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Spanish to English translations [PRO] Medical - Medical (general) / Medication Orders
Spanish term or phrase:MV
"SF 0.5% 500 ml/MV"
This is part of the discharge instructions (tratamiento al alta) for a diabetic patient who was hospitalized for tachycardia and atrial flutter, and having a lengthy history of heart disease and stent implants. Right before this, the discharge orders say:
Dieta hiposódica diabética
Insulina sbc según protocolo diabético [thanks to everybody again who helped with 'sbc' BTW]
Then: "SF 0.5% 500 ml/MV" (I'm pretty sure SF = solución fisiológica here, so that's not at issue)
Followed by medications: ASA, Clopidogrel, Zantac ....
What is MV here/how do we say it in nice English medical terminology?
I was about to close this question without choosing any answer, then happened to think that since the patient was being transferred to another unit, the doctors might have wanted to keep an IV line open in case they needed to administer medication.
So ... I looked at "mantener vena" and "mantener via" and found some promising results for each:
"... solución hartmann o lactato de ringer ... se puede administrar para mantener vena o aplicar medicamento"
There is a good number of "mantener vena permeable/canalizada/abierta" instances in a google search.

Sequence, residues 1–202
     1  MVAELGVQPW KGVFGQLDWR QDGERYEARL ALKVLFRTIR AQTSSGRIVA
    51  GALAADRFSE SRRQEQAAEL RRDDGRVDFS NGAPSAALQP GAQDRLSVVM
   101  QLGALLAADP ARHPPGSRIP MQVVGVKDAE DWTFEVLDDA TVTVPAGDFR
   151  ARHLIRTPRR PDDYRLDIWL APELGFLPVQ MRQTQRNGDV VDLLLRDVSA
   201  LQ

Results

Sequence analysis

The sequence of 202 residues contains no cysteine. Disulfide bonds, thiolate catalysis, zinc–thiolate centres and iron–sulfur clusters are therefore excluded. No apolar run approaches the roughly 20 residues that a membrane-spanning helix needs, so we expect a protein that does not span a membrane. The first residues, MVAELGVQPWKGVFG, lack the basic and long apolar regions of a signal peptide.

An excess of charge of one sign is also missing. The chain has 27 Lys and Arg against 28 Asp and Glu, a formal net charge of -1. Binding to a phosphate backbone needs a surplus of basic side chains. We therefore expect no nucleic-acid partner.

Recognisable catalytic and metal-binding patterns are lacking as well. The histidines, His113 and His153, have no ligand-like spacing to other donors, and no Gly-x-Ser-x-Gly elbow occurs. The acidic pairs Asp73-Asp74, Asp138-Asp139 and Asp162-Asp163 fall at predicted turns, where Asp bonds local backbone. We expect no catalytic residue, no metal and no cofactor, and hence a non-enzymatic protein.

Also I find: " Mantener vía con SG5% si no existen otras indicaciones ... "
"TRATAMIENTO EN UCI:
1. SF o SG 5 % para mantener vía."
I didn't provide all of the relevant information here, and I'm sorry ... and thanks to all of of you for your comments, and to Emma for your perceptive remark that this is "very strange". In fact, the patient was discharged from the ICU to the cardiology unit: "... se traslada a planta de cardiología" ... so still an inpatient. Just to be more complete, if it helps, the report says:
TRATAMIENTO AL ALTA:
Sedestacion y deambulacion a voluntad
Dieta hiposodica, diabetica
Insulina sbc segun protocol diabetico
SF 0,5% 500 ml/*MV*
AAS 100 mg VO/0-1-0 [no problem with 'VO']
Other meds: clopidogrel, zantac, metoprolol ....
Yes (Ria), I always check tremedica. And here BTW is another resource that's sometimes helpful with abbreviations:
I think SF is probably suero fisiológico. I don't know about MV, but I think Emma's first suggestion of minimum volume is the most likely, in fact; could it perhaps be a case of doctors accustomed to using internationally standard abbreviations based on English?
Emma. This is a typed report and a fairly good copy, so the 'MV' is very legible. Still, you're right, it might have been a typo (for EV). Thank you for your comment ... let's see if anyone has any other ideas.